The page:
The Talk of the Lab
Andy Mravca honored
The proclamation was presented to Mravca’s wife at the DOE Area Managers National Conference on October 29.
Andy’s Pond was created for cooling water when the Main Injector was built. David Nevin, head of the Facilities Engineering Services Section, explained that the pond is a vital component of the lab’s infrastructure supplying water needed for physics experiments.
“Andy’s Pond is an attractive location and will forever link Andy Mravca to the science conducted at Fermilab,” Nevin said.
Mravca was in charge of engineering oversight as Fermilab (then the National Accelerator Laboratory) was being designed and built. He worked closely with the lab’s founding director, Robert R. Wilson to establish the architecture and infrastructure that shapes the laboratory to this day. In 1973, Mravca was reassigned to DOE’s Clinch River Reactor project. He returned in 1980,serving as DOE Fermilab Area Manager until retiring in 1999.
“Andy loved Fermilab,” said DOE Deputy Area Manager Jim Miller. “Other than Robert Wilson, no person had more influence on the development of Fermilab than Andy Mravca.”
A plaque commemorating Mravca’s contribution will be placed on the shore of Andy’s Pond. Donations from individuals, to help cover the cost of the plaque and the event, are being accepted and are greatly appreciated. Those interested in making a contribution should contact Judy Treend in the Office of Public Affairs at x6633. Checks should be made out to “Mravca tribute.” Anyone donating $100 or more will be recognized at the ceremony honoring Mravca.
Visitors regain limited recreational access to Fermilab
Every Sunday, from 1:30 p.m.to 3:30 p.m., people interested in meeting some of the lab’s scientists may come and register at the Pine Street entrance, where they receive a free pass to the Ask-a-Scientist program. The pass allows visitors to drive to Wilson Hall and proceed to its 15th floor, where they can view the entire Fermilab site and the surrounding area. Two scientists are on hand to answer questions such as “Why does Fermilab have buffalo?”and “What is dark matter?”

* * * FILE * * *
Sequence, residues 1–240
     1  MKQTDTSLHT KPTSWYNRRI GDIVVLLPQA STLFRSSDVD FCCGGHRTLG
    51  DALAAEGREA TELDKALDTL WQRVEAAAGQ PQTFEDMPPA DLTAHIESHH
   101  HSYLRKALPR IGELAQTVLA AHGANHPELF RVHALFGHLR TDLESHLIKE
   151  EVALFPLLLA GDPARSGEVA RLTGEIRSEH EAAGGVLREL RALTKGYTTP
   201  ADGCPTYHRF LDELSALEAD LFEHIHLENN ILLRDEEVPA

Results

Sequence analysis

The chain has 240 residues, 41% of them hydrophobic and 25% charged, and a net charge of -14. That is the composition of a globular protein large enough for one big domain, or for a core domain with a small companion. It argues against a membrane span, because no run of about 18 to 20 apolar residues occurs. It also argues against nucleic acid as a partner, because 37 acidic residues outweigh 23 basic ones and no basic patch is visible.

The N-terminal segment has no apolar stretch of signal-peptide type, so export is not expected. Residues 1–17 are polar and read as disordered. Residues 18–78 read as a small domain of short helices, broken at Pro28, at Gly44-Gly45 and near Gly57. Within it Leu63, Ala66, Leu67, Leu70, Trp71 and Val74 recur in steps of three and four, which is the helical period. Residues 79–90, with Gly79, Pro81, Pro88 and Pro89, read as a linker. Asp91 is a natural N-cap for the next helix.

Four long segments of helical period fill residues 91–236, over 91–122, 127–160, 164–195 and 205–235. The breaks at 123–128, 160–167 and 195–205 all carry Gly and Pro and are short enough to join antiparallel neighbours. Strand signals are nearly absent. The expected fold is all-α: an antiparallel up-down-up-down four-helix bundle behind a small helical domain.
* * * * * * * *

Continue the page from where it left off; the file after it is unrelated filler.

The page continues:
Wilson Hall remains closed to the public at other times, but people can sign up for guided tours by calling 630-840-5588. The Lederman Science Center, which features hands-on science displays for children K-12, welcomes visitors Monday through Friday from 9 a.m.to 4:30 p.m. and every Saturday from 9 a.m.to 3 p.m.
Visitors interested in pursuing outdoor activities at Fermilab are again allowed to park their car at either the Pine Street entrance or Batavia Road entrance and access the Fermilab site by bike or by foot. The site is open for recreational use from 6 a.m.to 8 p.m., seven days a week. From fishing to bird watching to hiking a mile-long prairie trail, the Fermilab site offers a variety of recreational activities. For more information,please call 630-840-3351 or see the Web pages at www.fnal.gov/pub/visiting/.
In September 2002, security concerns again led DOE officials to close the Fermilab site to the public, suspending the Ask-a-Scientist program and other activities. Easement of restrictions and introduction of the new visitor’s pass has allowed scientists to restart the program, which in the past drew about 30 visitors per Sunday afternoon.
Teacher of the year
Happy birthday — ten times and eighty times
Gathering to celebrate the 10th anniversary of the Lederman Science Education Center are (from left)Spencer Passero,Gayle Stephens,Priscilla Meldrim,LaMargo Gill,Sue Mendelsohn,Michael Witherell,Leon Lederman,Marge Bardeen,Diana Smailus,Laura Mengel,Liz Quigg,Nancy Lanning,Melissa Clayton, Tom Jordan.
|last modified 11/1/2002 email Fermilab|